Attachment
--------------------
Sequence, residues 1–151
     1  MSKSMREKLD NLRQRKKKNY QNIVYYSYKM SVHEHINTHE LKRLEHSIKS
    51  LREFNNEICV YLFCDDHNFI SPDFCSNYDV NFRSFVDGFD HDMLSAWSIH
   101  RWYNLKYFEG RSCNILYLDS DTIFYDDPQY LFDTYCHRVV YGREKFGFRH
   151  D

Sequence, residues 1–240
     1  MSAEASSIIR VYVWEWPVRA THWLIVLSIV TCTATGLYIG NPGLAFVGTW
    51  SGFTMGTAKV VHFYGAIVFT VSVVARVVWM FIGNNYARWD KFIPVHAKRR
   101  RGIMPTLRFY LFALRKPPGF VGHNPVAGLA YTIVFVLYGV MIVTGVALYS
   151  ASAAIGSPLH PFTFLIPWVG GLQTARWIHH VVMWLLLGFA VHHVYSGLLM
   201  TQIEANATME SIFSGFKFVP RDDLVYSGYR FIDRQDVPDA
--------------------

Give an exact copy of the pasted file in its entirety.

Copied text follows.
Sequence, residues 1–151
     1  MSKSMREKLD NLRQRKKKNY QNIVYYSYKM SVHEHINTHE LKRLEHSIKS
    51  LREFNNEICV YLFCDDHNFI SPDFCSNYDV NFRSFVDGFD HDMLSAWSIH
   101  RWYNLKYFEG RSCNILYLDS DTIFYDDPQY LFDTYCHRVV YGREKFGFRH
   151  D

Sequence, residues 1–240
     1  MSAEASSIIR VYVWEWPVRA THWLIVLSIV TCTATGLYIG NPGLAFVGTW
    51  SGFTMGTAKV VHFYGAIVFT VSVVARVVWM FIGNNYARWD KFIPVHAKRR
   101  RGIMPTLRFY LFALRKPPGF VGHNPVAGLA YTIVFVLYGV MIVTGVALYS
   151  ASAAIGSPLH PFTFLIPWVG GLQTARWIHH VVMWLLLGFA VHHVYSGLLM
   201  TQIEANATME SIFSGFKFVP RDDLVYSGYR FIDRQDVPDA